Adesso came with a KISS high output wind generator with lots of spares. My research on the product indicated that it was a durable and respected name in wind generators of the past. Kiss is no longer in business but parts were available so with that in mind I rewired it when recommissioning Adesso after the trip across the US. During the summer trip around Vancouver Island an unexpected compatibility issue arose, the KISS does not have a regulator relying on a simple heat sink and diode to produce DC and assums that a battery can be overcharged to up to 10% of its capacity negating the need for stage regulation. Well that may be true BUT when you mix that with a Morningstar MPPT regulator for the solar, things are not so happy, the “smart” regulator sensing the high voltages that the Kiss would output would shut down charging and not recover until it was reset. The Mastervolt charger/inverter didn’t like it either, should I mention the Balmar regulator as well, Sigh@><!
The choice was to buy another regulator and larger heat sink for the KISS or look for something else if it was affordable. In the end I did not want to spend hundreds to support an older piece of technology on our boat so the KISS was sold to someone with a simpler alternative energy environment. Looking for bang for the buck and taking into account that Captain Sue wanted less sound we opted for the Air Breeze Marine and installed the carbon fibre Blue Blades made in Portugal. Wow – no more problems and very QUIET not mention the blaze of blue in the sunlight! Another project off the list.
One of Sue’s first projects was redo the upholstery. Adesso’s was dark and worn out in a number of places so fabric hunting was high on the list. It all started with fabric rub counts and swatches laying about the boat for weeks while the best colour choice was made. In the end a lighter blue/grey with no pattern was the winner, as it lighten up the interior of the boat and is very easy to clean, a major concern! Becky of Anchors Away was contracted to do the job. The result was nothing short of spectacular, thank you Becky!!!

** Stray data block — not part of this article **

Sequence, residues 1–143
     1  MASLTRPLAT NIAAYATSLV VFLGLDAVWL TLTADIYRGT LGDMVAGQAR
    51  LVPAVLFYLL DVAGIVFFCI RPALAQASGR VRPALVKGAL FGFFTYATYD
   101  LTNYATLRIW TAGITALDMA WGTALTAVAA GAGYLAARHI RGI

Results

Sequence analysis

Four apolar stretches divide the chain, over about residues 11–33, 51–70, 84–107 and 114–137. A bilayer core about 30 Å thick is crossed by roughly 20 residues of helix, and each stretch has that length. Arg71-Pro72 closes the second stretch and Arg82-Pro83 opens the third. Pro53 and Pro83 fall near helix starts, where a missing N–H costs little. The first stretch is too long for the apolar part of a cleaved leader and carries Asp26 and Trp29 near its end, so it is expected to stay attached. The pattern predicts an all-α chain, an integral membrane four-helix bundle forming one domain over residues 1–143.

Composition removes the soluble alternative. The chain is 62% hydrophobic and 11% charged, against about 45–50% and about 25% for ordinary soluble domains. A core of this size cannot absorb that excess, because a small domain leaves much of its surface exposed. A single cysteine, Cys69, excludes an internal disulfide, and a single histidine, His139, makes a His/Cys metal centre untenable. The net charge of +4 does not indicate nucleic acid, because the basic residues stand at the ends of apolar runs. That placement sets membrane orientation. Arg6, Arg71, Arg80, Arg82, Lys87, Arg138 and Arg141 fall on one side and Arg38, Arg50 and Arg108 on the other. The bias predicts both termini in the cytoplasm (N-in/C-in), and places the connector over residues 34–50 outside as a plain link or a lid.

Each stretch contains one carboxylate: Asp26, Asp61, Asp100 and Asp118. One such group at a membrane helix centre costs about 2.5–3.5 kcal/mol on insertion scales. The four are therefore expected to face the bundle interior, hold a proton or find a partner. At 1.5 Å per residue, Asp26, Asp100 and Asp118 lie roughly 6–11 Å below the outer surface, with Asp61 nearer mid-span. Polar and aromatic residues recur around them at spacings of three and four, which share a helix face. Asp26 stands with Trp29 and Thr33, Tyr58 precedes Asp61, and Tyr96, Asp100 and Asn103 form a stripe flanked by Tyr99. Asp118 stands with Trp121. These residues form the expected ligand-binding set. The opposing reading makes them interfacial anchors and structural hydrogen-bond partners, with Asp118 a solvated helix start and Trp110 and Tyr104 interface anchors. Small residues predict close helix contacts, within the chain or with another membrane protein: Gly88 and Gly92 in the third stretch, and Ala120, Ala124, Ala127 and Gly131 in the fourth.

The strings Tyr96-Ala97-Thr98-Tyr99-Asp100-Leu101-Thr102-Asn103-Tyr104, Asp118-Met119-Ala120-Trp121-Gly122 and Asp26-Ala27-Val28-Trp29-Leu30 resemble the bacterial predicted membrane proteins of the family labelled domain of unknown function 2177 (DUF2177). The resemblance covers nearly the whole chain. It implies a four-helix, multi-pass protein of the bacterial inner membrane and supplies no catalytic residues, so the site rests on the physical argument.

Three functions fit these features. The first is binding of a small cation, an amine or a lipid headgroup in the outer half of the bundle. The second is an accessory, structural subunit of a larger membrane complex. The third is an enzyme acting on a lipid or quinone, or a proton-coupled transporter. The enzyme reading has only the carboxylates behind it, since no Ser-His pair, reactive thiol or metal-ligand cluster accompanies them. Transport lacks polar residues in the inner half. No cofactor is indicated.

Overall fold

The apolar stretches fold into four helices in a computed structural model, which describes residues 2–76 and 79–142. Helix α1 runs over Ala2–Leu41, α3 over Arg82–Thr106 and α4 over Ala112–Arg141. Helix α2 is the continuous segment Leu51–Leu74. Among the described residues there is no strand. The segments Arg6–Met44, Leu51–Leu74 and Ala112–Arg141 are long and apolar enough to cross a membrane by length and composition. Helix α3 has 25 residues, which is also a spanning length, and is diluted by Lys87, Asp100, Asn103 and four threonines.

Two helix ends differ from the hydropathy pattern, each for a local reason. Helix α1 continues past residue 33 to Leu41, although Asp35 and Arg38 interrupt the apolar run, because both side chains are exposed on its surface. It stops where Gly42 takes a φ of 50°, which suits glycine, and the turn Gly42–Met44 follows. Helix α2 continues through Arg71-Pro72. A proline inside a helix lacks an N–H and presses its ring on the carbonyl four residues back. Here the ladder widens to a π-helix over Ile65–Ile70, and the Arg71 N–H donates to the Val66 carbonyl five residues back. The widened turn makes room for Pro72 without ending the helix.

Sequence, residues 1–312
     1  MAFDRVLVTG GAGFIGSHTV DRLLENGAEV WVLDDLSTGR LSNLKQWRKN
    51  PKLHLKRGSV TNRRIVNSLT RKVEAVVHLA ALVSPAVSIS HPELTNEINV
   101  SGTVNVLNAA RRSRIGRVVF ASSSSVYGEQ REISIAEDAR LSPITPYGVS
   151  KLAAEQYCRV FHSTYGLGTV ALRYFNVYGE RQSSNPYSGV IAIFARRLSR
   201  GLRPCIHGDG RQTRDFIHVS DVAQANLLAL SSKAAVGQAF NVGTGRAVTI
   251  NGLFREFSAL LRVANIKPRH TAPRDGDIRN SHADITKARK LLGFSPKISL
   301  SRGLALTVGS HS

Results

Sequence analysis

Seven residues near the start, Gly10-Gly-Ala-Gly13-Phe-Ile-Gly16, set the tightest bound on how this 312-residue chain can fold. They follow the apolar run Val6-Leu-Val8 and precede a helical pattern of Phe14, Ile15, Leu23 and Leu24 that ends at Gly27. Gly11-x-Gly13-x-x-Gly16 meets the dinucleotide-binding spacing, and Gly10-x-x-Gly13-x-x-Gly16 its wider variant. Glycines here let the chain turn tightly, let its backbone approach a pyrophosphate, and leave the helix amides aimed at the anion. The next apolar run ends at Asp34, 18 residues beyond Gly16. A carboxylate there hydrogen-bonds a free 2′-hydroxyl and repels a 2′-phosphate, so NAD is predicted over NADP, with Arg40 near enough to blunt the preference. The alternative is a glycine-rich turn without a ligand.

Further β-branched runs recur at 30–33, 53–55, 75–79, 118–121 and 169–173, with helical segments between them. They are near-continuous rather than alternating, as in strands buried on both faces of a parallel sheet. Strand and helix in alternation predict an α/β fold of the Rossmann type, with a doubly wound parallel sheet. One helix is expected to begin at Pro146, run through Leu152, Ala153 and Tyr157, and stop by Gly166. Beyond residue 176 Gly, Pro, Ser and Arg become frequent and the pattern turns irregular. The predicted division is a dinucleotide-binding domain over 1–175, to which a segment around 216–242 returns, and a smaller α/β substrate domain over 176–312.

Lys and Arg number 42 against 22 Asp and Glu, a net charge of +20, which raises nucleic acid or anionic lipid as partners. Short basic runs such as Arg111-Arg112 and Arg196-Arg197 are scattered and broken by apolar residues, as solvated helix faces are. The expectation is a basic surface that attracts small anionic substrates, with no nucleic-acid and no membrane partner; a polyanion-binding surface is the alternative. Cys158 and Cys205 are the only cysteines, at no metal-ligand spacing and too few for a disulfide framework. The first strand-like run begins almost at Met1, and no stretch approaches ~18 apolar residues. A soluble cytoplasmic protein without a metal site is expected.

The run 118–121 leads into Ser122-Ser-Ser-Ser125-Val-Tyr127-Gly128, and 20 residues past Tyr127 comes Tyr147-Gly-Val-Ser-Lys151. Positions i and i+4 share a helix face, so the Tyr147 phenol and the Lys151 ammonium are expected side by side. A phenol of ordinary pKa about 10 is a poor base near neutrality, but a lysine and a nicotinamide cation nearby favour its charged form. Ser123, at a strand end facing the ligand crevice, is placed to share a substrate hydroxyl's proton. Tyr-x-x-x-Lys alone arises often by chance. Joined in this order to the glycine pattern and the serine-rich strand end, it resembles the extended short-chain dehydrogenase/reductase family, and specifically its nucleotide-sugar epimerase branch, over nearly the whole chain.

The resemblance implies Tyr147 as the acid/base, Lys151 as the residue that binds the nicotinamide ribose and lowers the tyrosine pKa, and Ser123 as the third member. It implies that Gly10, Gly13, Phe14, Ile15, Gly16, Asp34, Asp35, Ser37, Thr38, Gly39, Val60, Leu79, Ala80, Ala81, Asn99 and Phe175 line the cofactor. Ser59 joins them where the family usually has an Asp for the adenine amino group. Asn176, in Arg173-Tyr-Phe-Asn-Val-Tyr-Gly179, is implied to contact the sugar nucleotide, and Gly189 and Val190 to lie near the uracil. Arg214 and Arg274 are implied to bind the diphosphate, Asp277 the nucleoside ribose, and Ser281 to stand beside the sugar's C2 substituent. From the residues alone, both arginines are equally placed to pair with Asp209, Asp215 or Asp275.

I must say that though my feelings about furry crew is that life without is easier, Sue fell for Kato (his name now) at the local pet store and showed up aboard. He has adapted well considering we failed at the “head” training attempt #1, and has taken a couple of winter time dips in the ocean. If you can imagine a cat leaping out of frigid water so fast you didn’t even notice how he got out. On our first trip with him this Christmas we found out he loves a moving boat, as soon as we were off the dock the cat was roaring up and down the decks, my thinking was we were going to get a cat overboard drill on the trip! So welcome aboard Kato, I’m sure we will be posting your antics in the future.
Adesso arrived from Rhode Island with a new air conditioner which would pump out a little heat but in the Pacific Northwest real heat is needed to survive snowy days. The best heat for a larger boat are forced air or hydronic diesel furnaces that will put heat in a number of cabins. In our case Sure Marine in Seattle has a great reputation, supplying Webasto heater kits for the marine industry and is close by. We went with hydronic because of the installation, 1” hose was possible to run from the boiler where a 3” air vent line path could not be found. The other big challenge was where to put the boiler itself. All the room underneath the cockpit was already full of , generator, holding tank, water maker, spare anchor, auto pilot, leaving a small area behind the propane tanks the only choice. This was a tight fit, not to mention the contortions required to get into the area to install the unit as well.
The other challenge was the expansion tank had to be above the boiler which meant I had to be creative to find a place that would work. In the end the tank in one of our master cabin lockers keeps its contents dry and radiates nicely in to the cabin. The small radiators were installed in the bottom of lockers and storage areas, cutting a little into the space but this was a small price to pay for heat. The water loop ran from the stern of the boat where the boiler was, underneath the aft cabin bunk, along the removable floor boards to the forward locker, 150 feet of hose in all. The install is not for the faint of heart as there are many components all of which have to squeezed in to the boat somewhere.
With three zones all on their own thermostats we are cosy aboard even when the snow falls! The other bonus is the efficiency of this type of heat compared to the drip feed stove. Using a fraction of the diesel and a little 12V current has made Adesso our winter cruising home very comfortable. A special thanks to Sure Marine for the great service and support getting this all running! The air conditioner was sacrificed for room and power savings though we may regret that if we ever get to hot countries!